Is too much collaboration bad for innovation?

Is too much collaboration bad for innovation?

All great achievements came about through collaboration. But, sometimes too much collaboration inhibits our ability to think creatively.

Last week’s post about what impedes employees from being innovative in the workplace generated some discussion. My point that managers, meetings, emails and phone calls get in the way of inspiration was not well received because those are mechanisms we use to move ideas forward.

Yes, but most of the time you are not moving ideas forward because of those mechanisms. Rather, those mechanisms exist to keep “business-as-usual” in place.

Reflection Deficit

We are at our most creative and productive when we are deeply engaged with what we are doing, when we are in a state of flow. We can reach flow in a group, but if finding ones own flow is hard it’s harder to reach it as a group (more on this on another post soon!).

Contrary to popular belief, creativity is hard. It takes time and oftentimes the real work happens after some time of reflection, usually when we are alone either while taking a walk, driving, taking a shower or just before going to sleep.

When was the last time your employer deliberately told you to daydream more? Exactly!

NPR has a great show about Why we collaborate which features Basecamp co-founder Jason Fried, who has this to say about collaboration:

If people don’t have time to think. And thinking time needs to be your own time, then they have a really hard time actually producing great work.


Independent thinking and collaboration go hand in hand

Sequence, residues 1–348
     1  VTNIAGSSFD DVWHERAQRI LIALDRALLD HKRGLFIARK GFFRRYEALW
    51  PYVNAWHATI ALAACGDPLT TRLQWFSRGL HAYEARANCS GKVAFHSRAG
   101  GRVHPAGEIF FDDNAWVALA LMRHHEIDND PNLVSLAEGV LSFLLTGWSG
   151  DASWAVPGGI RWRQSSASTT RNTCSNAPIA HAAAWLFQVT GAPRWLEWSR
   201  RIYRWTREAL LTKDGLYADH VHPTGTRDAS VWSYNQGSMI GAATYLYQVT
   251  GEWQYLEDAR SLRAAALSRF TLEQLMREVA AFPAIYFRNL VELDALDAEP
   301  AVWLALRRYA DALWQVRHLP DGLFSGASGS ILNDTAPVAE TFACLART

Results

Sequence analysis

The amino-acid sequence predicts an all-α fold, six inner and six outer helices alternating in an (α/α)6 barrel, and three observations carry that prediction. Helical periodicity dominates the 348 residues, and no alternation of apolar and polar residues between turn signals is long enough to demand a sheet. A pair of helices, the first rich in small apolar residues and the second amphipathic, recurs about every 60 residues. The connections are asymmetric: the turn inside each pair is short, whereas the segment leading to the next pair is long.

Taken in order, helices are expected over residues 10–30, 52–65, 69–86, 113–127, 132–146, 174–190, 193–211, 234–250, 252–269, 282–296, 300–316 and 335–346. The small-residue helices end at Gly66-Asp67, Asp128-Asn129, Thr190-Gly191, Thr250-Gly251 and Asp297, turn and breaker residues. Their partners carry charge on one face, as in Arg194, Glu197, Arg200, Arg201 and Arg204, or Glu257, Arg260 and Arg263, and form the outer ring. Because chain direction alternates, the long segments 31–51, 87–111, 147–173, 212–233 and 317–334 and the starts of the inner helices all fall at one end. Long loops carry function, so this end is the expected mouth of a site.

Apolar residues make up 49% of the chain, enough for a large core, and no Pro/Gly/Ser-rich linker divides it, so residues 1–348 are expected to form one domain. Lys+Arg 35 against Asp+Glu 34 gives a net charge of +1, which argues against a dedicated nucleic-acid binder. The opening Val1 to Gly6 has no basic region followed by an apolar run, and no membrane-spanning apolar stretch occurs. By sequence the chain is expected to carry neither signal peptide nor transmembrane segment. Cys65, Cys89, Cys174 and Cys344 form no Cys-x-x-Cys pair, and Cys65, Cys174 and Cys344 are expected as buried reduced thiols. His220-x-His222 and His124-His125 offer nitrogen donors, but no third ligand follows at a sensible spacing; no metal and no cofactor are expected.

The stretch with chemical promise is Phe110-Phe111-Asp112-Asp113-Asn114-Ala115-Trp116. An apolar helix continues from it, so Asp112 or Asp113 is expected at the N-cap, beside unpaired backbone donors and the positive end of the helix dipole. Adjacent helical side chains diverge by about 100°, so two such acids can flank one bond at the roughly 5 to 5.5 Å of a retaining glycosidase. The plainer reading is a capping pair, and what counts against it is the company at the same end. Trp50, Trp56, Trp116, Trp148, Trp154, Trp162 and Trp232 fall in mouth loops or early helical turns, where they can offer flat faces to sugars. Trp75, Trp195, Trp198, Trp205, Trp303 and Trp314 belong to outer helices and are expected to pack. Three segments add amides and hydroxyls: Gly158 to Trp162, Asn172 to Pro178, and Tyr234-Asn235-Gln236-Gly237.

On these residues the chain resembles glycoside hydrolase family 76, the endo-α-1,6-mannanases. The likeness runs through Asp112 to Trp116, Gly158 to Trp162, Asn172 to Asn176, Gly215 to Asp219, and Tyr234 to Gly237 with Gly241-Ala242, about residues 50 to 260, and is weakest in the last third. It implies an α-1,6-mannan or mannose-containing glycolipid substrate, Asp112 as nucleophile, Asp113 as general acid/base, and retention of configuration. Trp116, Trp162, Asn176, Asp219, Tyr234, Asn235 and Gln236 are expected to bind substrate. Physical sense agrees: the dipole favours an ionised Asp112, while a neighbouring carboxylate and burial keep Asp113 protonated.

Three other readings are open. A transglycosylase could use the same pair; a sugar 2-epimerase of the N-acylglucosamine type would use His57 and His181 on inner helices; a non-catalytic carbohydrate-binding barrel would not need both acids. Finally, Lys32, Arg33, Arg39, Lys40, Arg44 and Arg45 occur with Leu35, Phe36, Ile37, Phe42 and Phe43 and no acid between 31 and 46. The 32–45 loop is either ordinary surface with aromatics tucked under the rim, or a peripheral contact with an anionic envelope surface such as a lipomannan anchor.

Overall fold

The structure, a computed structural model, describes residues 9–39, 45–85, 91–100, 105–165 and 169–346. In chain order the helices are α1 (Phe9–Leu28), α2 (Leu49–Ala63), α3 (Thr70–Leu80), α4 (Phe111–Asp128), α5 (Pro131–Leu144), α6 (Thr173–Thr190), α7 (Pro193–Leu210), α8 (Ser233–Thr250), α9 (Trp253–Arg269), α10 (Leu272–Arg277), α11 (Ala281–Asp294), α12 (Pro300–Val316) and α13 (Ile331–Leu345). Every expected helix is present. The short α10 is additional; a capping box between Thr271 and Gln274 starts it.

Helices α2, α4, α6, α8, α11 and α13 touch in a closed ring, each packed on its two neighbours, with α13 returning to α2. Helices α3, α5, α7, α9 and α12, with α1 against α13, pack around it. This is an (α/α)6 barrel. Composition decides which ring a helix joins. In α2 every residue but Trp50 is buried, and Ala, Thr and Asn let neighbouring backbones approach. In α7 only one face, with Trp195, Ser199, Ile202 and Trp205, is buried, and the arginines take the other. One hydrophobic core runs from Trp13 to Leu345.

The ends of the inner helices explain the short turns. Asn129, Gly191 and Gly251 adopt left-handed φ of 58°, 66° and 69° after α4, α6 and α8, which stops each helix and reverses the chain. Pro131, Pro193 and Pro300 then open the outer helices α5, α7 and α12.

Collaboration and exchange of ideas and insights is vital. But an often ignored fact about collaboration and innovation is that innovators are independent. For they have to collaborate, independent thinkers instinctively know that most groups will eventually fall prey to groupthink and expert-think, that naturally arise in groups. So, they have to take a step back.

Though this behavior seems unreasonable to others, it is often through independent thought that game-changing ideas arise.

Free time to connect the unconnected

Today, we are more connected than ever. There is lots of discussion about how to collaborate more effectively and there are solid ideas on how to do that, but what is lacking is some talk about how we need to disconnect from the noise. It doesn’t matter if you are an innovator or not, it goes for everyone.

People need time for themselves, to reflect. This means shutting down the phone, not checking email, cancelling meetings and not answering calls.

As I’ve written previously, to innovate you have to break free from your network. I don’t say that in a elitist way, it just means that you have to be mindful about the hidden biases that naturally arise in groups and hinder everyone’s ability to think creatively.

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